3 Science-Backed Ways To Make Someone Fall In Love With You

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It’s a hard situation to be in. Maybe you have your eye on somebody but it seems that they don’t even know you exist, or perhaps you’ve just started dating someone but you don’t know how to take things to the next level. I always thought that falling in love just kind of happened, but on closer inspection there seems to be a clear science behind it all.

A recent Business Insider article examined the science of falling in love and pointed out a few very useful studies that may help all of us hopeless romantics get a big step towards the love we are hoping to find.

Stay warm

It may sound strange but studies have shown that it’s much easier to fall in love with somebody if you are warm. Yale psychologist John Bargh conducted a number of studies on the topic and found that there is a link between temperature and behaviour. Apparently when we feel warm we are more inclined to act warmly towards others and when we are cold, well our personalities can also get a tad icey. If you really want to win favour with your date, stick to environments that are warm or even foods that are warming.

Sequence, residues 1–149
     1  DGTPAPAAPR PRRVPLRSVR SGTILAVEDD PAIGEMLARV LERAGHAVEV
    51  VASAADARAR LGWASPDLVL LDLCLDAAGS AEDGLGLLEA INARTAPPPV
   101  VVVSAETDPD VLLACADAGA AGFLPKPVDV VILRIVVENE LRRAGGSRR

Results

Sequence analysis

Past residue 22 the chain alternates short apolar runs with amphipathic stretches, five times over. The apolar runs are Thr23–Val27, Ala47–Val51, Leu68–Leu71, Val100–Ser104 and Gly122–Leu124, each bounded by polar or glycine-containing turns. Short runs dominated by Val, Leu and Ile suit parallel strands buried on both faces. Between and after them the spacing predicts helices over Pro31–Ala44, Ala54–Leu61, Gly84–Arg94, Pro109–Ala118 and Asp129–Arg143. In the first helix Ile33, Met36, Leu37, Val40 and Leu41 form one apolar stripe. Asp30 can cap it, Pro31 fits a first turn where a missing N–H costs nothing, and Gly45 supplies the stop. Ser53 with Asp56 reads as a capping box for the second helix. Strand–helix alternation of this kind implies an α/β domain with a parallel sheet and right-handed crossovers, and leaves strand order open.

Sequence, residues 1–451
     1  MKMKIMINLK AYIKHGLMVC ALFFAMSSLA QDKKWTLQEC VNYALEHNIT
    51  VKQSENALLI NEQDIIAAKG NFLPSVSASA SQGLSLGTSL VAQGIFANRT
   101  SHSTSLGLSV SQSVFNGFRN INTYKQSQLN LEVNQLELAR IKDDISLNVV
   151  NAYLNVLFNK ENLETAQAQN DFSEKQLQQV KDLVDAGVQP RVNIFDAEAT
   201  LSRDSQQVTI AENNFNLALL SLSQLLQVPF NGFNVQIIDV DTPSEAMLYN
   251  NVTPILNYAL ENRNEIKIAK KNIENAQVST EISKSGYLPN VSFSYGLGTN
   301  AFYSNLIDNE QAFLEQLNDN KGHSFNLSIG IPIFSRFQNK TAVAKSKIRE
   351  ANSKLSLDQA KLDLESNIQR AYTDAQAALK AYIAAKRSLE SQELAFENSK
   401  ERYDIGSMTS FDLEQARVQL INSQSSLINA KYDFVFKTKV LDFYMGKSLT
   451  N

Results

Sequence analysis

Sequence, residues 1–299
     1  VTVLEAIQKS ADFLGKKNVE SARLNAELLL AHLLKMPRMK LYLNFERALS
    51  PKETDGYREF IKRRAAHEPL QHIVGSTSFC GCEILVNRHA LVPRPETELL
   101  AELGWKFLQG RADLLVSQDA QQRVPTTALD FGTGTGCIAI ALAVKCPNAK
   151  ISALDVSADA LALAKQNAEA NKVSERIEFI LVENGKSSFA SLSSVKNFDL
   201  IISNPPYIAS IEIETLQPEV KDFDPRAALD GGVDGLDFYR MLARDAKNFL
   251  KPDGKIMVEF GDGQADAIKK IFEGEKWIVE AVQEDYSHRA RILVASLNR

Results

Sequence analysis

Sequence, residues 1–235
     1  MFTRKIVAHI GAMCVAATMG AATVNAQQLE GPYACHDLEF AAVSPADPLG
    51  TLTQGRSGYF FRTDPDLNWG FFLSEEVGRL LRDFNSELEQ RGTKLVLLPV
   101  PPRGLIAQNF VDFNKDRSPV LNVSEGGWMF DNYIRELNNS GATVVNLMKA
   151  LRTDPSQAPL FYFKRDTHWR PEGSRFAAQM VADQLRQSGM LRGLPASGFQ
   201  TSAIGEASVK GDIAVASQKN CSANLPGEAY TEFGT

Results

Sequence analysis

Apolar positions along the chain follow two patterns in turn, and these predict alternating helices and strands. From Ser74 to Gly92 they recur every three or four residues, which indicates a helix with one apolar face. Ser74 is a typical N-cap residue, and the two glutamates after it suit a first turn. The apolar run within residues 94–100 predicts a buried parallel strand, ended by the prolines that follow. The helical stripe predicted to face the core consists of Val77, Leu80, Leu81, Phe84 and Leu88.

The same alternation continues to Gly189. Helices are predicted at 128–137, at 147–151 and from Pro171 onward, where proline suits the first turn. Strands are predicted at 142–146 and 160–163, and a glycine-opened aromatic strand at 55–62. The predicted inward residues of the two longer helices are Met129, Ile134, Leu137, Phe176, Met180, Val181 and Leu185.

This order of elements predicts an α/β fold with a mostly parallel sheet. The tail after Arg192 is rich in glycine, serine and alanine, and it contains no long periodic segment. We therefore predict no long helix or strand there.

Ditch negativity

Apparently the attitude you have on dates is one of the most important aspects of attraction. A large 2010 study found that men were far more attracted to women who demonstrated positive personality traits and had great personalities. The study involved over 2,100 male university students and overwhelmingly concluded that a positive personality really does matter. At least for the first little while in the relationship, it could be a good idea to think twice before complaining about your job, family or that annoying flatmate. Don’t go so far as to cover up who you are, but focus on being the positive, fun person that you truly are and don’t let the little things get in the way of a great date.

Maintain eye contact

If you really like somebody it can be hard to actually look them in the eye, but apparently eye contact is a key part of attraction. Zick Rubin, a social psychologist, conducted a study back in 1970 on 158 college-age couples and found that couples who made more frequent eye contact reported having stronger and healthier relationships. Other studies have come to similar conclusions, with psychologists suggesting that eye contact and feelings of intimacy are closely linked.

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